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In the Year 2019: Psychiatry in Law and Public Policy

In the Year 2019: Psychiatry in Law and Public Policy

Whether you credit the idea to Niels Bohr or Yogi Berra, it is true that predictions are very difficult to make, especially about the future. It is a daunting task, yet obviously an intriguing one, to try to imagine what our field will be like in 10 years or more.

To cope with the limits of prognostication, article size, and personal knowledge (and to limit the extent of how wrong I may be proved by time), I will focus here on events in the realms of ethics and law in psychiatry and the inevitable conflicts between science and public policy and economics that have their origin in those spawning grounds. I will comment on 2 general areas:

• Conflicts related to people our society fears and feels justified in stigmatizing—including sex offenders and people with serious mental illness
• The limits of the sciences of prediction and the ways in which our fears lead us to ignore those limits

Neuroscience
I will begin by mentioning an important area of active development that deserves fuller description than can be managed within this article: advances in neuroscience and their relationships to questions in psychiatry and the law. Significant research is being conducted in this area, with a notable available literature.1-3 While some advances are likely to be more readily applicable and easily acceptable to the practice of forensic psychiatry—such as the application of neuroscience data about memory to the assessment of amnesia claims and malingering—I am less optimistic about the application of neuroimaging and other advances to questions of criminal responsibility.3,4

Better scientific understanding of neural mechanisms is not likely to settle fundamental questions of morality, ethics, and interpersonal justice as applied to the specific determinations that must be made in the legal arena.5 Although there are scholars who argue for greater scientific optimism, I do not believe we are likely as a society to accept a mechanistic view of personhood or a neurodeterministic view of personal responsibility that is unfiltered by the screen of functional capacity.6 I do expect, however, that there will be both steps and missteps in that direction in individual legal cases.

Criminalization
So where are we likely to be in 10 years or so? We are likely to be working hard to find our way out of very difficult sociopolitical-economic problems of our own making. The record numbers of Americans who are imprisoned will continue, because we have not been able to exercise political control of our communal anxiety with options less concrete than the construction and utilization of larger prisons. Incarceration has soared in America, despite a fall in violent crime rates.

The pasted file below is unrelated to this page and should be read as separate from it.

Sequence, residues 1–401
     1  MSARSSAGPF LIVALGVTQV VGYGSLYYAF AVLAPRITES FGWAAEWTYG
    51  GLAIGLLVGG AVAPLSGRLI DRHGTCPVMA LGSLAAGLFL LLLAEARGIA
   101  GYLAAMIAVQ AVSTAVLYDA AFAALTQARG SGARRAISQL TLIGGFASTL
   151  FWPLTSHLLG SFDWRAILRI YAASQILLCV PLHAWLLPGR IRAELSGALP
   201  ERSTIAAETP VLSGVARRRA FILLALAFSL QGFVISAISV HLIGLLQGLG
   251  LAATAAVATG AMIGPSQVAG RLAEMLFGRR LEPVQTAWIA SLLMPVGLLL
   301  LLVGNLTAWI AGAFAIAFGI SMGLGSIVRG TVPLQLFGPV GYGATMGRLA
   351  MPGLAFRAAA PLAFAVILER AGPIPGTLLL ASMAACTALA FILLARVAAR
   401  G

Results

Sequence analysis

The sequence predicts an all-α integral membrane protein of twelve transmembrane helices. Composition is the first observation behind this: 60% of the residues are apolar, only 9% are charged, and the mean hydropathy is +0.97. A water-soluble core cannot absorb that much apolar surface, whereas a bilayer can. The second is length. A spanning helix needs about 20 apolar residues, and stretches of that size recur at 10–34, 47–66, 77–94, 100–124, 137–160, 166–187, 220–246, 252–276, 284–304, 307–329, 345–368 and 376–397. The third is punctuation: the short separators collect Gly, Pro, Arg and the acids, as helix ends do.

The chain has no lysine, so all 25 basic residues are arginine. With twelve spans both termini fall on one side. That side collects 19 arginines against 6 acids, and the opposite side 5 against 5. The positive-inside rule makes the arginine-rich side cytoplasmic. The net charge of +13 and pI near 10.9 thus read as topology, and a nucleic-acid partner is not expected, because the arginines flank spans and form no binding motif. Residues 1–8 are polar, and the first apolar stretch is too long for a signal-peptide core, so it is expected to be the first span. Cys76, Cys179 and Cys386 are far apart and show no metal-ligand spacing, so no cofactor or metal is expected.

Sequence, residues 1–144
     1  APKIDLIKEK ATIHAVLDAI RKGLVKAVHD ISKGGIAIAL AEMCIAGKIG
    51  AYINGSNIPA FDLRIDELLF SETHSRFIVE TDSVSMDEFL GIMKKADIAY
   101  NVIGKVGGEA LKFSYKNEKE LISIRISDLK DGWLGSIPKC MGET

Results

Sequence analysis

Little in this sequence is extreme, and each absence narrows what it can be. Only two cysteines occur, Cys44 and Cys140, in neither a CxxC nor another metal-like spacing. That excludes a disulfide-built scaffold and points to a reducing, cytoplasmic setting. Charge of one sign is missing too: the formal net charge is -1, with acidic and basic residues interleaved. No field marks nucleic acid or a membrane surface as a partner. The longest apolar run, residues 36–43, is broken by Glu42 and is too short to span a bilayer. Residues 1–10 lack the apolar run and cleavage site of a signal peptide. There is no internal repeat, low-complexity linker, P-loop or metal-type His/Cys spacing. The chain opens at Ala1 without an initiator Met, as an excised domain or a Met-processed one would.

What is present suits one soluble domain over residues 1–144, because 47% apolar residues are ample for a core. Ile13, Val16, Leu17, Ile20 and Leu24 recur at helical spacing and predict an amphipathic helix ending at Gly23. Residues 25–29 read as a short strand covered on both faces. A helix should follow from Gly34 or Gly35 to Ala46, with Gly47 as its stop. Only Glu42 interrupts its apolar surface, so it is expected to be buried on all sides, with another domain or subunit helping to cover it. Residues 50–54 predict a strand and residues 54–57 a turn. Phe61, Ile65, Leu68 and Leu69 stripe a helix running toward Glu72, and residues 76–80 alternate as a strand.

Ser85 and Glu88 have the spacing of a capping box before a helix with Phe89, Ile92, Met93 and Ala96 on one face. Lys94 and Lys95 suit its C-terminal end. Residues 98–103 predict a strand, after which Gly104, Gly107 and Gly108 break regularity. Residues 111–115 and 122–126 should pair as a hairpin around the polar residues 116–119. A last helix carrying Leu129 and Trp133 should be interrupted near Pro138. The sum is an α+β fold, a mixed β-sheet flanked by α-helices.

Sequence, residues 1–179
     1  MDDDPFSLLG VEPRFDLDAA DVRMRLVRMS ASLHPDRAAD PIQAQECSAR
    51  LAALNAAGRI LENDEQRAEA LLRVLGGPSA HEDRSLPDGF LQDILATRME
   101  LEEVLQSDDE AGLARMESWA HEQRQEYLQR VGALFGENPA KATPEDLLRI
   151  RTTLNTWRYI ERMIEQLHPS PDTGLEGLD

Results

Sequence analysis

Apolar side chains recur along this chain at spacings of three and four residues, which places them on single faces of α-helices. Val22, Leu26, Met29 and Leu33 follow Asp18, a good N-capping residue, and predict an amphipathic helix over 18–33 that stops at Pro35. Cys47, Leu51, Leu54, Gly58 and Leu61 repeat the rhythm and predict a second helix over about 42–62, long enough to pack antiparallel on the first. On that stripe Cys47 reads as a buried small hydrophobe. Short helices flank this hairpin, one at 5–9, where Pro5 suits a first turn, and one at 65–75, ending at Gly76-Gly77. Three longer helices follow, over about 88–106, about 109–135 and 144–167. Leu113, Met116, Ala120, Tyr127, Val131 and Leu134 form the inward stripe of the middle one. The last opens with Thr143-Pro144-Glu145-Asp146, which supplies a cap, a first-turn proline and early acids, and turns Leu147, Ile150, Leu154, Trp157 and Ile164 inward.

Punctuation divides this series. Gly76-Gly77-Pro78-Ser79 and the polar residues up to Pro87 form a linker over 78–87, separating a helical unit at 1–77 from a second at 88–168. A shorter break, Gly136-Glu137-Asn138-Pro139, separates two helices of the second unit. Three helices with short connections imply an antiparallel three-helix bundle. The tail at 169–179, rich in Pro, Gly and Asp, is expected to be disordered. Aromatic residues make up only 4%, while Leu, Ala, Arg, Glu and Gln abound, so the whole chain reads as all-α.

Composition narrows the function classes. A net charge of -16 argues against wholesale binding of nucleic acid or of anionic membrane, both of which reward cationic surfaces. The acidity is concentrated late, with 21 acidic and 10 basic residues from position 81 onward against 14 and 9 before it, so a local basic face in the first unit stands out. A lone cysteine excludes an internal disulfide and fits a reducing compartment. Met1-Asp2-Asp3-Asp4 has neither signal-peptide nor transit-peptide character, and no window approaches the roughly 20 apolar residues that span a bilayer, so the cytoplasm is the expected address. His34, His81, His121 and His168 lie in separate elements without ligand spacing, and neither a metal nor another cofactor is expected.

The Pew Center on the States recently released its report “One in 100: Behind Bars in America 2008.” That report highlights these sad and troubling facts: we now incarcerate more than 1 in every 100 adults in America; also, 1 in 9 black men between the ages of 20 and 34 is imprisoned.7 At the same time, violent crime rates have dropped, and only 25% of that drop is attributable to increased rates of incarceration.8 Between 1994 and 2005, the adjusted violent crime rate in this country decreased more than 59%.9 During that same period, the prison count increased by more than 36%; it tripled between 1987 and 2007.7

The good news is that lawmakers are already taking notice of the crippling effects on economies and public policy of the costs of incarceration. Within 10 years, the idea that we ought to spend more money on reducing the causes of crime is likely to be a mainstream notion. So what does this have to do with psychiatry? The Department of Justice reported in 2006 that more than 56% of state prisoners and 64% of local jail inmates have mental health problems.10 More than half of these individuals have severe mental illness.11 Mental health leadership from the Substance Abuse and Mental Health Services Administration, the National Association of State Mental Health Program Directors, the National Alliance on Mental Illness, the NIMH, the American Psychiatric Association, and many other organizations has significantly stimulated interest in decriminalization of mental illness. This interest will continue to grow and become an increasing force during the next 10 years.

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